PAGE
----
The popular story of how low-carb diets work goes something like this: Reducing your carbohydrate...
Let me introduce myself. My name is Mark Sisson. I’m 63 years young. I live and work in Malibu, California. In a past life I was a professional marathoner and triathlete. Now my life goal is to help 100 million people get healthy. I started this blog in 2006 to empower people to take full responsibility for their own health and enjoyment of life by investigating, discussing, and critically rethinking everything we’ve assumed to be true about health and wellness...Tell Me More
Before I begin, I want to make something clear: this is not your standard definitive guide to whatever. I’d like to be able to issue a proclamation regarding diet soda that stands the test of time immemorial, but I cannot. Research is still in its infancy, and exactly what diet soda does to those who drink it – if anything – is incredibly confusing. The one thing I can say with any certainty is that, while it’s unfair to say it will kill you or give your unborn child prenatal tumors or make you impossibly obese, you’re probably better off without diet soda. It tastes weird, the list of unpronounceable ingredients is too long for my comfort level, and I’ve seen one too many unsuccessful dieters that seem to live on the stuff.
There are two things to consider when making any conclusions about diet soda’s place in a healthy diet. Do the ingredients used in diet soda pose a threat to your short-term or long-term (or that of your offspring’s) health? Is it a kind of sugary methadone, impeding healthy eating by making it harder to kick the desire for sweet things in your mouth because, well, you’re constantly putting things in your mouth that mimic sugar? Let’s dig in.
On the docket today: a meaty, slippery, jam-packed can of worms. Makes you just lick your lips in anticipation, doesn’t it? Last week’s direct to consumer health testing post got this one going. I mentioned this do-it-yourself health trend comes with both the good and the bad – as yet unproven and unsound alternative therapies like homeopathy being such a potential snare. From that point, a healthy and robust debate ensued in the comment board. Yes, that’s exactly the way it should be. I always appreciate and, indeed, relish the active discourse of our comment board. Folks offer up their experiences, questions, and perspectives in ways that thoughtfully challenge and extend the discussion of the post itself. It’s the beauty of a blog – and the “Internets” as a whole, wouldn’t you say? At times, I find these conversations stand by themselves. Other times, I’ll pick up on a certain thread that I think could use more Primal-based clarification and a further targeted discussion. Today I’m taking up the homeopathy debate and giving the full of my two cents. I’m up for it if you are. Let’s roll up our sleeves and dig in, eh?
The idea that brain and brawn are mutually exclusive is fairly well embedded in our culture; the popularity of phrases used to describe weightlifting enthusiasts, like “dumb jock” or “meathead,” make its pervasiveness pretty clear. But is it true? In a word, no. Anyone who’s ever heard Mark Rippetoe assess a novice squatter like a master mechanical engineer, Keith Norris wax poetic about the savage grace of physical culture, or Robb Wolf employ a Battlestar Galactica reference to explain the biochemistry of a glutenous assault on your intestinal tract knows it to be false, but the rest of society tends to lag a bit. Luckily, a few recent studies suggest that resistance training actually promotes neurogenesis – the growth of new neurons in the brain – while another links overtraining to impeded cognitive ability later in life. It may be high time to start disseminating the image of the dumb jogger instead.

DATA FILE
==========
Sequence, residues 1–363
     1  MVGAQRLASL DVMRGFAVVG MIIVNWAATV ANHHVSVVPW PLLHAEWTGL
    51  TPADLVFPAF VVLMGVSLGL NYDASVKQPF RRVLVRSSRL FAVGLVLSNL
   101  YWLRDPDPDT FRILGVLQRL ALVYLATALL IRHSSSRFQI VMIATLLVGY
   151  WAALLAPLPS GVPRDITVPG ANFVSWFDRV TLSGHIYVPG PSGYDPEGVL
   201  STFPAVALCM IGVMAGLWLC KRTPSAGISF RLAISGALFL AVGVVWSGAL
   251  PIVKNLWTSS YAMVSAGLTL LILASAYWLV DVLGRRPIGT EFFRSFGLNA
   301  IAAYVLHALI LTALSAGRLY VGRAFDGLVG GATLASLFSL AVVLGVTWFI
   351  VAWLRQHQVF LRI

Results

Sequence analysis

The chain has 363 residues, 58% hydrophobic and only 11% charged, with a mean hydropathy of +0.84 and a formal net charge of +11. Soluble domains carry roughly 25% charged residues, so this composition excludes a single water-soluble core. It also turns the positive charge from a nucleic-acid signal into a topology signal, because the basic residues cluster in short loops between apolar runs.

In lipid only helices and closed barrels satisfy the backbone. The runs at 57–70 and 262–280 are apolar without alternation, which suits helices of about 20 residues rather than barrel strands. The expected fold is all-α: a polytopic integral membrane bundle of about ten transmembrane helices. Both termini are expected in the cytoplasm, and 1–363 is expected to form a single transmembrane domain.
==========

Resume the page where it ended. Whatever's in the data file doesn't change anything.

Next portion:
Complete 10 cycles of:
50 Meter Walking Lunge with Spear Thrust
25 Meter Sprint
Whether you’re sitting on the couch, raiding the fridge, or just doing nothing at all… thank you, America, for inventing the Forever Lazy. (Sheesh.)
Sure, school lunches are nasty. But fear not, readers. There is hope. Domino’s has decided to rescue children from the odious morass of poor nutrition. Enter the Smart Slice School Lunch Pizza Program! No, this isn’t a parody piece.
Joe Robinson is searching for a cure, a cure for adulthood.
According to The Telegraph, mammoth steaks may be on the menu in the near future! Or at the very least a mammoth amusement park located on a tropical island where nothing could go wrong…
Tart, sour, acidic, harsh: four words that don’t exactly make our mouth water. Unfortunately, they’re often words that come to mind when tasting moderately-priced red wine vinegar that we’ve bought at the store. Even more disappointing is that immoderately-priced bottles aren’t often much better. This isn’t the case with balsamic vinegar – we’re willing to splurge now and then on a bottle of good balsamic imported from Italy because we know we can’t replicate the smooth, syrupy results at home. But red wine vinegar is a different story. By taking matters into your own hands, you can make red wine vinegar that is often much better than what you can buy. Better yet, the whole process is much easier than you might think.
It does, however, require patience. About two months from start to finish. In fact, we’re currently waiting for a batch to reach maturity and find ourselves eagerly ticking off the days until we can whisk it into vinaigrette. This sort of giddy anticipation is a big part of why we love making our own food at home. If all goes well with the vinegar currently sitting in a crock in our cupboard, we’re expecting the flavor to be a bit fruity and earthy; mellow and not overpowered by sharp acidity.